Step 8: Move And Resize The Shadow With Free Transform
With “Layer 2″ still selected in the Layers palette (the currently selected layer is highlighted in blue), press Ctrl+T (Win) / Command+T (Mac) to bring up Photoshop’s Free Transform box and handles around the shadow and move it into position by clicking anywhere inside the Free Transform box (anywhere except the small target icon in the center) and dragging the shadow into place with your mouse. You can resize the shadow by dragging any of the handles. To constrain the proportions of the shadow as you drag it larger or smaller, hold down Shift and drag any of the corner handles.
If you’re having trouble seeing all the Free Transform handles because some of them extend out beyond the sides of the document window, press F on your keyboard to switch your screen mode to Full Screen Mode With Menu Bar.
If I look closely at my image, I can see that the boy’s left arm (his left, our right) is up a little higher than the other one, but the super hero has the opposite arm higher. To fix that, I’m going to hold down my Ctrl (Win) / Command key, then click on the left middle handle of the Free Transform box and drag downward with my mouse, which will skew the image, bringing the left side of the super hero down below the right until his arms are more in line with the boy’s arms:
Press Enter (Win) / Return (Mac) when you’re done to accept the transformations.
Step 9: Apply The Gaussian Blur Filter To The Shadow
Now that our shadow is in place, there’s only a couple of problems remaining. One is that the edges of the shadow are much too sharp, and the other is that the shadow is too dark and intense. Both of these issues are easily fixed, so let’s work on the edges first. With “Layer 2″ still selected in the Layers palette, go up to the Filter menu at the top of the screen, choose Blur, and then choose Gaussian Blur.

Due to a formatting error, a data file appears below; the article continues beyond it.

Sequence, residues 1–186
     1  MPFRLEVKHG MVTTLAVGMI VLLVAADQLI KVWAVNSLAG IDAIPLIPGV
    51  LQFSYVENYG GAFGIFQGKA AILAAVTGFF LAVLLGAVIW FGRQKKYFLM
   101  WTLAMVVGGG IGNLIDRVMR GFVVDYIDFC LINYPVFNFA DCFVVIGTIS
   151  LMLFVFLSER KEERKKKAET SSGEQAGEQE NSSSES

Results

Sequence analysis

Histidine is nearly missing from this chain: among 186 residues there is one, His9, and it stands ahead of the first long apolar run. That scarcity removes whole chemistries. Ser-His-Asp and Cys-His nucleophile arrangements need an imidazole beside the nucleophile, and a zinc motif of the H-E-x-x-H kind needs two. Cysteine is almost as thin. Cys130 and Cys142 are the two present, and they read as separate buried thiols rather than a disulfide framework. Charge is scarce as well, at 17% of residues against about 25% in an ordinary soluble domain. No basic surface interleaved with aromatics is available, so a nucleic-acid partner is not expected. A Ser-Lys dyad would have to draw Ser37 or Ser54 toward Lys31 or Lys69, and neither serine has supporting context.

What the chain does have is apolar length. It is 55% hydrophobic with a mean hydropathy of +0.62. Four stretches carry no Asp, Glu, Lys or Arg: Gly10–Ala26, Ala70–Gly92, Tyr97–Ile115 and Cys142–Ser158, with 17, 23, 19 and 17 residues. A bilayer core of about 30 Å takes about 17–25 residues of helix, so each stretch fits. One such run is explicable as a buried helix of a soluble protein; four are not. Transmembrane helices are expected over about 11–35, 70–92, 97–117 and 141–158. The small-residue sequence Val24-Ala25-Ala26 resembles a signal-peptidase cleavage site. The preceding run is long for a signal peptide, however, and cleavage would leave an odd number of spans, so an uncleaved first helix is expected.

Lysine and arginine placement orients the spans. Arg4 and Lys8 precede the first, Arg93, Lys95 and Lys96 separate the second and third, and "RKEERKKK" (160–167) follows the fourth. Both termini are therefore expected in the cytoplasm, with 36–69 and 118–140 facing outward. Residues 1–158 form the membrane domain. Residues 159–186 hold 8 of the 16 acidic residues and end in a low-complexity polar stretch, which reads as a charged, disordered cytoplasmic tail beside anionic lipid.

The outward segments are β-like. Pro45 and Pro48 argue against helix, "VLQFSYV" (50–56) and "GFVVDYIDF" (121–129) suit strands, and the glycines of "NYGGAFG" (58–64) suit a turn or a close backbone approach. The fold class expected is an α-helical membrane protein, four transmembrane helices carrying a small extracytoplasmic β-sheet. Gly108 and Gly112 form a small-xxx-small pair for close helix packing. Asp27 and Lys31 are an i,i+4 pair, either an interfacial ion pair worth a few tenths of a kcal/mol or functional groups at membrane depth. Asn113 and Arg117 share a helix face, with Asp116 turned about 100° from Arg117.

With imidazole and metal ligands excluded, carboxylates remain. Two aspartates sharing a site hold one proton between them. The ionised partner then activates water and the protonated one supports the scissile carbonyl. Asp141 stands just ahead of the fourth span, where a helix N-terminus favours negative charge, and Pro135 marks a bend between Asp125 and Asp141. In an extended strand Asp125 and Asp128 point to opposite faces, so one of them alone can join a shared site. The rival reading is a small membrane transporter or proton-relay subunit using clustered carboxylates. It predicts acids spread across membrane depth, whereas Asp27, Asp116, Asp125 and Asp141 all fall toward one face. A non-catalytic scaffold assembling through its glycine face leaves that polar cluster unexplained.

This brings up the Gaussian Blur dialog box. We’re going to soften the shadow edges by blurring them, but we don’t want to blur the edges too much, otherwise we’ll lose too much detail in the shadow and it will be tough to make out the shape. All we want is a subtle amount of blurring, so set the Radius value to somewhere between 2 and 6 pixels, depending on the resolution of your image. I’m using a low resolution image for this tutorial, and for me, a Radius of about 2.5 pixels works well:
Click OK when you’re done to exit out of the dialog box. Here’s my image after softening the edges of the shadow with Gaussian Blur:
Step 10: Lower The Opacity Of The Shadow
Finally, to reduce the intensity of the shadow, simply go up to the Opacity option in the top right corner of the Layers palette and lower the opacity of “Layer 2″. I’m going to lower mine down to about 35%:
And with that, you’re done!
Here, after lowering the opacity of my shadow, is my final “Telling Stories With Shadows” result:
And there we have it! That’s how to tell stories with shadows in Photoshop!
Download our tutorials as print-ready PDFs! Learning Photoshop has never been easier!